A Cuban Excursion

Contributed by: Duane Mallast – RD3

The night was warm and we had been on station for a couple of days. Our station was on the Southern coast of Cuba approximately 25 miles off the coast. When radar picked up a contact coming at us from the coast of Cuba. The contact was extremely small and at first was thought to be a glitch in the radar. The contact continued to close on the Johnston though.

General Quarters was called to have all stations manned and ready at approximately 22:30. A dispatch was sent to the Quantanamo Bay Base, stating our situation. With the contact continuing to close, with a speed of 15 knots, the Captain turned the Johnston towards the contact. As the contact came within 200 yards of the ship, radar lost contact. The lookouts were trying very hard to pick up movement in the water. Flashes of light were thought to have been seen, but nothing confirmed. Being it was night and having an overcast sky, it was very hard to see any movement on the water.

General Quarters was not secured but relaxed for the moment. Our previous heading was resumed. Then radar reacquired the contact at our stern; the contact was turning and setting a course to follow us. Tension was very high through out the ship. The Captain turned away from the coast and tried to acquire the contact visually with the lookouts and other personnel on the bridge. But this time the contact was doing a much better job of staying out of our way. Turning before we could get close enough to try for identification.

This continued on for approximately three hours as we played cat and mouse with this contact. Never really getting real close to the contact. When we were approximately 50 miles off of the coast of Cuba and again closing on the contact from its stern. All of the ship spotlights were put at the ready, when we again closed to within 200 yards and lost contact on the radar. All of the spot lights were turned on to get an identification of the unknown contact.

To the amazement of the Captain, and all of the crew, the Johnston had been at GQ for the past three hours chasing a very large flock of birds. Which appeared to be seagulls. A dispatch was sent to Quantanamo telling them what had been identified and that we had secured GQ and were returning to our station.

The radar operator that seen the original contact on the radar, determined the speed and course it was on, was exchanged for another operator when GQ was called. This was proper protocol, that operator then went to his GQ station in CIC (Combat Information Center). After a few minutes the new operator could not see or find the contact. The original operator was returned to the radar screen and it took a few minutes but the contact was found again. Remember, it was an extremely small contact on the radar screen. This operator was then stationed on the radar for the rest of the time GQ was in place. During GQ he had contact with the lookouts that were trying to fine the object that the radar had picked up. He kept them informed at all times as to where the contact was when it was inside of the 200 feet around the Johnston, the area radar could not see.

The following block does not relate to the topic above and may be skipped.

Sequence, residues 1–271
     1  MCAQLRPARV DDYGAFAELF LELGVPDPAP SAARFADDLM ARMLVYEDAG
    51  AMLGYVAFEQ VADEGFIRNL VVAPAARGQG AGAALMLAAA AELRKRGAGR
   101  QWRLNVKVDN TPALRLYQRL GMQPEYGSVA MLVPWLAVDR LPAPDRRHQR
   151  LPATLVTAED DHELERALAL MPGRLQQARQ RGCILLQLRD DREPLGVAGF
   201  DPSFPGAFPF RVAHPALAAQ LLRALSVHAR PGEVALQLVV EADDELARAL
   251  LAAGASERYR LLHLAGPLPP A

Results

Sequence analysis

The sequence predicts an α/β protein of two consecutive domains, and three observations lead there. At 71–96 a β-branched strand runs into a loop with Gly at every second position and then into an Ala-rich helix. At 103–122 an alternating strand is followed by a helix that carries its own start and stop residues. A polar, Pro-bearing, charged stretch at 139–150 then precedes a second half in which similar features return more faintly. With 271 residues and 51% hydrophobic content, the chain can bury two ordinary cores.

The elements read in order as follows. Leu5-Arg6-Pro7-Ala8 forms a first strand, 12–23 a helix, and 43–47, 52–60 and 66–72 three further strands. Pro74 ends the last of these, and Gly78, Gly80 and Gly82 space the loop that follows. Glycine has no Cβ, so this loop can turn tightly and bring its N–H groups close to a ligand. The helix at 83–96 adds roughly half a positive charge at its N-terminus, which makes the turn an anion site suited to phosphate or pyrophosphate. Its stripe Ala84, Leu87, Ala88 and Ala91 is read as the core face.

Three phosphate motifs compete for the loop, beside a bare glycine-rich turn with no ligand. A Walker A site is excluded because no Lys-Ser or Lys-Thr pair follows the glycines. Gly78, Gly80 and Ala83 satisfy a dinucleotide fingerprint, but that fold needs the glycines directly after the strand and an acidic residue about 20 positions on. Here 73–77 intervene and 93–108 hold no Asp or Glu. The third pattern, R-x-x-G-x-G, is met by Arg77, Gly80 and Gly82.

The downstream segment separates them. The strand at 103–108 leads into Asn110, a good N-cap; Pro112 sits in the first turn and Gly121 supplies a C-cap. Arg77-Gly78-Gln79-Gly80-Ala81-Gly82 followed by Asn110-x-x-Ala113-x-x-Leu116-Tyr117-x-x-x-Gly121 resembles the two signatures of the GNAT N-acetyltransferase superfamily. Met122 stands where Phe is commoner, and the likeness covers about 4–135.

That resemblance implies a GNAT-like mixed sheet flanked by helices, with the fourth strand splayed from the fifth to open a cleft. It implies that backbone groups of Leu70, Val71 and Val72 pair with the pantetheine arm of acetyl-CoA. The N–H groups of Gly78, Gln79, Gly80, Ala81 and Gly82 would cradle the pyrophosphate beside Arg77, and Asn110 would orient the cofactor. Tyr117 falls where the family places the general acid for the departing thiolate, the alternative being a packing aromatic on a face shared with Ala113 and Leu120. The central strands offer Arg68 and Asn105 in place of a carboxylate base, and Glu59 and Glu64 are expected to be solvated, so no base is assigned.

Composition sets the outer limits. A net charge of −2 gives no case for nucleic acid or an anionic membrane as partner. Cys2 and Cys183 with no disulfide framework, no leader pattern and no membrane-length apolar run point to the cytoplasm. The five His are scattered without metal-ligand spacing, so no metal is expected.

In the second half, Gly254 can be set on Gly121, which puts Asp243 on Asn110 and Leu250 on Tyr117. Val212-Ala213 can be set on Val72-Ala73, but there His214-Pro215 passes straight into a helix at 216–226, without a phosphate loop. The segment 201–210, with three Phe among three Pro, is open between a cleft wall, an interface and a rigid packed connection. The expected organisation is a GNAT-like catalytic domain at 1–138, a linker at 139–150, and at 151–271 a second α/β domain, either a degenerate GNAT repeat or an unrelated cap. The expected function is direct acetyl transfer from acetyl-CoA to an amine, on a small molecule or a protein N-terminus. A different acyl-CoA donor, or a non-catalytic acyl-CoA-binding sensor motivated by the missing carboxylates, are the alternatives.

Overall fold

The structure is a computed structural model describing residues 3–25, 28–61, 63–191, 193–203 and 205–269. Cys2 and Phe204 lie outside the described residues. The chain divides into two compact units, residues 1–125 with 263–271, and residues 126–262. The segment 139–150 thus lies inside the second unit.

If you are wondering who the radar operator was during all of this excitement, he was a new Radarman Apprentice. Who had just gone through over 6 months of electronics and radar operations in the Radar School at Great Lakes Naval Training Center. He had then been stationed on the USS Johnston in July of 1962, while the ship was in the Boston Naval ship yards just finishing FRAM 1 (Fleet Rehabilitation and Modernization). Then, that fall of 1962 trouble started around Cuba. The crew of the Johnston was put on alert that the ship had to be ready to sail in a very short time. When it did finally get under way, the ship skipped down the East coast getting supplies of all sorts. By the time the USS Johnston made it to Cuba, everybody was still on high alert, but it seemed that things had quieted down, just a little bit, very, very little really. All of the destroyer patrols were still being maintained around Cuba watching for anything. Oh ya, back to that Radarman Apprentice. He was on an extremely high learning curve in CIC and the radar. He had been stationed mostly on the radar screen whenever he had duty in CIC. At the time CIC operations was doing 4 hours on and 8 hours off. The 8 hours off, rest, eat and maintain another area of the ship. Oh ya, the Radarman Apprentice, Duane Mallast. What a way to start during your first 4 months on a Destroyer and in CIC.

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